In vitro diagnostic medical devices contain a broad spectrum of devices that test biological samples to determine the status of one’s health, from self-tests for pregnancy, to blood glucose tests for diabetes, to tests for HIV or COVID-19, and many more. The In Vitro Diagnostic Medical Device Regulations (IVD Regulation) came into force in May 2017 and was set to become effective on May 26, 2022, to replace current Directive 98/79/EC on in vitro diagnostic medical devices. This IVD Regulation ensures high-level protection of public health, patient safety, and smooth operation of the internal market.
The regulatory framework for regulating medical devices in the market in the European Union (EU) was created in the 1990s. To reflect the advancements, changes, and technological and scientific progress in medical devices, the rules and regulations are being updated to modernize and consolidate the sector:
The new rules contain the following changes:
However, due to the outbreak of COVID-19, the implementation of the substantial changes as outlined in the IVD Regulations cannot be completed by May 26, 2022; especially with the shortage in notified body’s capacity. It is also hard for manufacturers to conduct the required conformity assessment in time. Therefore, to avoid disruption in the supply of medical devices, the transitional period as mentioned in Article 110 of the IVD Regulations has now been extended to May 26, 2025, for IVD medical devices with a certificate issued prior to May 26, 2022 (only applicable to those devices that require a certificate from the notified body).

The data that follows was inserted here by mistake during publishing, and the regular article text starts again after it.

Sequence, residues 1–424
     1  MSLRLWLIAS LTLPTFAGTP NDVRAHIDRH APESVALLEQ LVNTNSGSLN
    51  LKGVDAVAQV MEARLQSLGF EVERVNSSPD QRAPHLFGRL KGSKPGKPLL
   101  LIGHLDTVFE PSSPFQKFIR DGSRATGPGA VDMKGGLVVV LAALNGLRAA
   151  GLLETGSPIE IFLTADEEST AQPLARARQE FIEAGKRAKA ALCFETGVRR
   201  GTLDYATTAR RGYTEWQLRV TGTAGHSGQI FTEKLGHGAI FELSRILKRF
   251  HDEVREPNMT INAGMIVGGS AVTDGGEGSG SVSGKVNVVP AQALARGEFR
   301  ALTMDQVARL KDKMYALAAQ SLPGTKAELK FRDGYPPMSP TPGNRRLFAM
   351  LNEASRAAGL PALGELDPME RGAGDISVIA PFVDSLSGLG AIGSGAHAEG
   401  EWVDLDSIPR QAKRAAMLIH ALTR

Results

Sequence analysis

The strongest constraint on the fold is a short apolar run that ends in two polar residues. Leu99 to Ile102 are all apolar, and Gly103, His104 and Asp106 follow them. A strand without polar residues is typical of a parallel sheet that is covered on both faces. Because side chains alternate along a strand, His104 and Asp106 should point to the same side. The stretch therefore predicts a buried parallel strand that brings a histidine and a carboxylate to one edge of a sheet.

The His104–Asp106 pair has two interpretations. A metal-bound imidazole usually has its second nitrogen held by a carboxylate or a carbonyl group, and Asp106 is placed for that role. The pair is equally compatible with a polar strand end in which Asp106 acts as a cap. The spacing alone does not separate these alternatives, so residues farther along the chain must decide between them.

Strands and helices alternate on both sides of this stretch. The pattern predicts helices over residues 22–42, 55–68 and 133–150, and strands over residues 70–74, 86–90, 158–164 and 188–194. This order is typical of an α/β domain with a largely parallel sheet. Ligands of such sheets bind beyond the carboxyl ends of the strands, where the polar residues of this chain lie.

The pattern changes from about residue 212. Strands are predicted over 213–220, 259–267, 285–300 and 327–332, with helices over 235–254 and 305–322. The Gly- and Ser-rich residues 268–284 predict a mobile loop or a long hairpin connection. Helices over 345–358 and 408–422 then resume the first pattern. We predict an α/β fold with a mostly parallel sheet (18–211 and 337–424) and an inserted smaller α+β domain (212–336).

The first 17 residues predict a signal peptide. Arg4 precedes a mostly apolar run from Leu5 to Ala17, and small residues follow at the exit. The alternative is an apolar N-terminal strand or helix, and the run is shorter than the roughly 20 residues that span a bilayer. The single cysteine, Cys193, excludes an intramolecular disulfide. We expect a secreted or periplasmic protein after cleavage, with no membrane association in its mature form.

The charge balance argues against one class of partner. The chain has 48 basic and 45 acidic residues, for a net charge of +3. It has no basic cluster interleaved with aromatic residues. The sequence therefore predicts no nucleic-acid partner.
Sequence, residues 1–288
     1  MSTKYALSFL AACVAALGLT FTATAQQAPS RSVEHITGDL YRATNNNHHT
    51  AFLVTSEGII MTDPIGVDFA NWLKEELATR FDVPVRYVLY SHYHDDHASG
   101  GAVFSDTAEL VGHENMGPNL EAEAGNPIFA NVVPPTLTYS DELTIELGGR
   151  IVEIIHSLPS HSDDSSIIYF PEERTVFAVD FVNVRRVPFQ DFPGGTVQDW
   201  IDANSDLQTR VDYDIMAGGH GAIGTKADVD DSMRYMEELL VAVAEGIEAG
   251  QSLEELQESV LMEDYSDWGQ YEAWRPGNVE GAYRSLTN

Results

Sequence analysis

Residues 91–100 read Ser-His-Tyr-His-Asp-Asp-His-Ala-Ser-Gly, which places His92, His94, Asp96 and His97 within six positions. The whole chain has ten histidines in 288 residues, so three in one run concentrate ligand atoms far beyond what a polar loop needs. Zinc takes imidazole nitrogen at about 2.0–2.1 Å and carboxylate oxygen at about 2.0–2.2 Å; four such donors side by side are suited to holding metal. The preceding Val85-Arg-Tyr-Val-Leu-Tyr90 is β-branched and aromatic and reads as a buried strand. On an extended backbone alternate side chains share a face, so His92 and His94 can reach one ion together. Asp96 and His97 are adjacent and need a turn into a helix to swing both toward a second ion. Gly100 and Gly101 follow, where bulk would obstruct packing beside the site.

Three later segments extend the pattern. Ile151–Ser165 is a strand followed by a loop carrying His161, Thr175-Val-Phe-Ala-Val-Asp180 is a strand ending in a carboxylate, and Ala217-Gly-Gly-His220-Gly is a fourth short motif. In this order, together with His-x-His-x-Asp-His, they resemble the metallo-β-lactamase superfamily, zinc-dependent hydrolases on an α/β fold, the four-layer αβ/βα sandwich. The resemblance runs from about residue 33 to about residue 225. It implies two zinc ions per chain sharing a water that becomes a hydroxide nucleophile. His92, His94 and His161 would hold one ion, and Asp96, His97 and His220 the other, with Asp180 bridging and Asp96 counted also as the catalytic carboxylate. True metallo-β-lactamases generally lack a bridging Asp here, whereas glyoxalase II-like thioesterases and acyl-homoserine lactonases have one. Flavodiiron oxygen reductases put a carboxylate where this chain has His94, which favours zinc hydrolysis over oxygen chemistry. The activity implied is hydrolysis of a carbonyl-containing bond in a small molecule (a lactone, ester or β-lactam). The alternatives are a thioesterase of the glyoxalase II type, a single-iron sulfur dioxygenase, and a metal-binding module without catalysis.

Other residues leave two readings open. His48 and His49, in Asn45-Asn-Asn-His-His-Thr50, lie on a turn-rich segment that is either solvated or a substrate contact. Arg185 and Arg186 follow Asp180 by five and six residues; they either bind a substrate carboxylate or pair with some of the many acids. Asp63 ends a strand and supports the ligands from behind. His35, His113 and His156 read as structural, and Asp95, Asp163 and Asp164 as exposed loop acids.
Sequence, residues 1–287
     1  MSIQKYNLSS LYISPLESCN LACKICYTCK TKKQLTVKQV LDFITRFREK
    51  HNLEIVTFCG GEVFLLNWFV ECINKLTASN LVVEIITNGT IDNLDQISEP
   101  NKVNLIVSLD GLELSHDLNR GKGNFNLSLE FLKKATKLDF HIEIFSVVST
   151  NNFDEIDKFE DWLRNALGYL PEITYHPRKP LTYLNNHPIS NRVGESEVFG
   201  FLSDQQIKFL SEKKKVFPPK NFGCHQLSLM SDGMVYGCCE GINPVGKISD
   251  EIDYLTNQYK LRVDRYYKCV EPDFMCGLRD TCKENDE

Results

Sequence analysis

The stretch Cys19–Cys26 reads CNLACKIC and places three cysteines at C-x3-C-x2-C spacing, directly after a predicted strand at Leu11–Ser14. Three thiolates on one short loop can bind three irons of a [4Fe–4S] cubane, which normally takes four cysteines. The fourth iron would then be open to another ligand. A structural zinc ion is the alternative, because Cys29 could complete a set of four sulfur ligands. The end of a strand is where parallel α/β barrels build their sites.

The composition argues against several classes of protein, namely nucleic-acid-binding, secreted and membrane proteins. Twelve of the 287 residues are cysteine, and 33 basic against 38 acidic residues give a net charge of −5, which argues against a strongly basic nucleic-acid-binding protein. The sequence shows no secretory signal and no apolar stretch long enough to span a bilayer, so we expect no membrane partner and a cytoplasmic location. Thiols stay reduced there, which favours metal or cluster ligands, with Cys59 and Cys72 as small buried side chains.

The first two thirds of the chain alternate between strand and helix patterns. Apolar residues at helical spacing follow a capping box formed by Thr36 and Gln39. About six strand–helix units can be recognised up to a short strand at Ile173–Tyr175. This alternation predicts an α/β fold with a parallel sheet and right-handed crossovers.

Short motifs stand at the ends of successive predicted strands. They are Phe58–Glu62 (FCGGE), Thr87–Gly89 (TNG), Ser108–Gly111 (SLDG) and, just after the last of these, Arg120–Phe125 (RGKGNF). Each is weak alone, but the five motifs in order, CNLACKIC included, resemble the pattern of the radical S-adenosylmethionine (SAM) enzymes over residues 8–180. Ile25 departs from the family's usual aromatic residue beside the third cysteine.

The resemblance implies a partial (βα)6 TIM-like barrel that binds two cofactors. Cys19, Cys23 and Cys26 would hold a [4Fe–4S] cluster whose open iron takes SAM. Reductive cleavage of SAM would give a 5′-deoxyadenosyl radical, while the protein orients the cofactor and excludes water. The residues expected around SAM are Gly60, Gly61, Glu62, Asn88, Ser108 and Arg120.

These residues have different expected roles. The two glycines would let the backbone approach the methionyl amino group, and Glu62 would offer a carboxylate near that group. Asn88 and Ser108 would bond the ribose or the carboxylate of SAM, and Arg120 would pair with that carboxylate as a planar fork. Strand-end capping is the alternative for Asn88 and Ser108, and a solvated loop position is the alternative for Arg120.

On October 14, 2021, the European Commission (EC) proposed a progressive roll-out of the new In Vitro Diagnostic (IVD) Medical Devices Regulations to prevent disruption in the supply of essential healthcare products during the COVID-19 pandemic. As per Stella Kyriakides, the Commissioner for Health and Food Safety, shortages of medical devices are composed of unprecedented challenges, and ensuring a continuous supply of in vitro diagnostic medical devices, while not compromising the safety of these products, is essential and critical at this point of time. Manufacturers are encouraged to prepare for certification under the new Regulations as soon as possible and should not wait until the end of the transition period.
The proposal does not alter the requirements of the IVD Regulations in substance but introduces changes to the transitional provisions to allow progressive roll-out of the Regulations. The length of the proposed transition periods is based on the risk and type of the device:
If you would like to learn more about the IVD Regulations or how it would affect your business or organization, contact us today.